1. This is a reference by the learned. Sessions Judge of Farrukhabad recommending that the order passed by a Magistrate fining the applicant, Ram Krishna, Rs. 25 under section 283, Penal Code, be set aside. The circumstances are given in the order of reference. I am however by no means satisfied that the Magistrate was wrong in holding that there had been an offence under Section 283, Penal Code. The Sessions Judge has remarked that the placing of a charpoy on a public road does not amount to a public nuisance if there is no intention of obstructing traffic. Section 283 however does not refer either to a public nuisance or to the intention of the accused. It is one of the sections in Ch. 14 of the Code which deals with, offences affecting the public health, safety, convenience, decency and morals, and the learned Judge has quoted from Dr. Gour's Penal Law of India, para. 2675:
The act contemplated may be of any kind, but it must be an act of positive commission involving as its result a public nuisance in the right sense of the term.
2. The learned commentator however goes on to say that if the act or omission has the effect mentioned in the section, that is to say, if it causes danger, obstruction or injury to any person in any public way or public lane, it constitutes a public nuisance. The section is enacted to protect persons in the exercise of their public right. In the present case the Sub-Inspector was exercising his public right to ride along the side of the road, and it was admitted that the side of the road was occupied by the charpoy of the applicant; and the circum stances were such that the Sub-Inspector was undoubtedly obstructed.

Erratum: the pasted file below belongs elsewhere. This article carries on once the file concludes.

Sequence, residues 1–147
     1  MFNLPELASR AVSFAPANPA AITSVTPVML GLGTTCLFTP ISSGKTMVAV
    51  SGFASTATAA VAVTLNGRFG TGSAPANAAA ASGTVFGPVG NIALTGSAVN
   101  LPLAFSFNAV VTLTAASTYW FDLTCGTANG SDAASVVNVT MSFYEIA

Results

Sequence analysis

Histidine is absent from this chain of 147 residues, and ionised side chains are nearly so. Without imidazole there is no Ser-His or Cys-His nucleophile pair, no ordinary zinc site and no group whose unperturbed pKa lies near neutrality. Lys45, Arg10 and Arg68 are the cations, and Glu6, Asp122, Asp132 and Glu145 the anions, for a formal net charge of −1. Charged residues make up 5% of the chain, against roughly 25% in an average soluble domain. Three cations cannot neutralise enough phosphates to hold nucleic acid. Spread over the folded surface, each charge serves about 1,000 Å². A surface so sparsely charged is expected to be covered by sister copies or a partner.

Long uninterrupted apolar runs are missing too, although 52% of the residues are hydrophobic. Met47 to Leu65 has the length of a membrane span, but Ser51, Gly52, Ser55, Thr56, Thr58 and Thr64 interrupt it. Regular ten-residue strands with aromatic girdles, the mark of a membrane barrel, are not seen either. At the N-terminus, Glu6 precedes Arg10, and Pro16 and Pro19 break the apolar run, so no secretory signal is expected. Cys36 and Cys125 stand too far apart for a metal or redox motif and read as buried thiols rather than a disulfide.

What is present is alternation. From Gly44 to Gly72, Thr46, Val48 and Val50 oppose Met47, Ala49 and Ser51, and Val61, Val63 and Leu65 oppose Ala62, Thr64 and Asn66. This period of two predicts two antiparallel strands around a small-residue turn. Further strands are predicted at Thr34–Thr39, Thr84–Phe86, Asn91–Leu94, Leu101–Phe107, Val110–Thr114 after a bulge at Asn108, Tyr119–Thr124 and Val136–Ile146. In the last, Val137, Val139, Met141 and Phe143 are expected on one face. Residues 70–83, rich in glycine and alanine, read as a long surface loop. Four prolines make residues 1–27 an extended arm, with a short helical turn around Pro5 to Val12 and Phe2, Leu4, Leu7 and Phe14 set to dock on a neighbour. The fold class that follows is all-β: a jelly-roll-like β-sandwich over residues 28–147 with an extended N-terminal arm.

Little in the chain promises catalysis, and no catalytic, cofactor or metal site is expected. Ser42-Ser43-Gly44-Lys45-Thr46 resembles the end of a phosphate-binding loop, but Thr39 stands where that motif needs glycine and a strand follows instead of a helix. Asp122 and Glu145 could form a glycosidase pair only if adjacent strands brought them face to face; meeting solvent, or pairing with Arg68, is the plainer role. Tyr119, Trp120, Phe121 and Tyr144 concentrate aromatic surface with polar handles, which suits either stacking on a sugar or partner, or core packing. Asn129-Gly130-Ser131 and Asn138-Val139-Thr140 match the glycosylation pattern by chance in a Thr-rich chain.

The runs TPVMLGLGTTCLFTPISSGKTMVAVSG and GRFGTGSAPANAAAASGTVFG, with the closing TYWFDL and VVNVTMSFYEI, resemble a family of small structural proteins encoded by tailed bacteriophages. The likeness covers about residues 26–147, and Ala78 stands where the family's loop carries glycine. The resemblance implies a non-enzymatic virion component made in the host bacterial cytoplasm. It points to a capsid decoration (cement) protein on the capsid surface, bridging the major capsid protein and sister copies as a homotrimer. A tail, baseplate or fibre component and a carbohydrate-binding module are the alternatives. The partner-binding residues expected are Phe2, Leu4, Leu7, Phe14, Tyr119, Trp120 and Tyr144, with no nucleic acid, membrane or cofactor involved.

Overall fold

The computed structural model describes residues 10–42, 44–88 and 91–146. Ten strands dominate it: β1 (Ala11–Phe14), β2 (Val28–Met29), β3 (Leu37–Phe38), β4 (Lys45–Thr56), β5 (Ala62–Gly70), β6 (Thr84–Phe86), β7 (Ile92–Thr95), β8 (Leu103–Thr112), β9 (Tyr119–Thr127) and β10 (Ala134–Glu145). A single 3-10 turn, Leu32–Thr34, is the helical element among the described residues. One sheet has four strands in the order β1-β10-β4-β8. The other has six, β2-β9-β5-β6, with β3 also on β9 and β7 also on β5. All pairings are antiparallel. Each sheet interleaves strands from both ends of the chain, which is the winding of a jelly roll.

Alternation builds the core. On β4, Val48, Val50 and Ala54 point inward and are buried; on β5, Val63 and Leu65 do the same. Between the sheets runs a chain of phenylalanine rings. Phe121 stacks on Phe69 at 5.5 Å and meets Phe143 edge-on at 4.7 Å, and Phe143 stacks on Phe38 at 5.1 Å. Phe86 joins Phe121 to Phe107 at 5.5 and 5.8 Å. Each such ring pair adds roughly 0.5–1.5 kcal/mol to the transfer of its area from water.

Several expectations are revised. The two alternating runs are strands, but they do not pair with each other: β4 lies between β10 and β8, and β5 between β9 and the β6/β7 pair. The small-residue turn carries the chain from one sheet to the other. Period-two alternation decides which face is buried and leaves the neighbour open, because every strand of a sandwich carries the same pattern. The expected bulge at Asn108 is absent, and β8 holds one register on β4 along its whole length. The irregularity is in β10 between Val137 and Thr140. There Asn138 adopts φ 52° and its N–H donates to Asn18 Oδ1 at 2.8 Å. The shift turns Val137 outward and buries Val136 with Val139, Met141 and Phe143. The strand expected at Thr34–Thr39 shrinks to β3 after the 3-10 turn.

3. The Judge has also quoted the case of Kamla Prasad v. Emperor (1912) 17 I.C. 574. The question raised there was whether there had been an offence under Section 290, Penal Code, and it was held that placing a charpoy temporarily on the road in the bazar without any intention of obstructing traffic does not amount to the offence of causing a public nuisance. With all respect to the learned Judge who decided that case, I do not feel that I am bound to follow the authority contained in the decision. A public nuisance may undoubtedly be caused without any deliberate intention of causing it, and Section 283, and indeed Section 290, do not refer to the intention of the accused person. The obstruction may be caused by negligence and in nine cases out of ten it is so caused. The offence in the present case does not appear to have been a very serious one, but I have not been persuaded that the Magistrate was wrong in regarding it as an offence, and I therefore reject the reference. Let the papers be returned.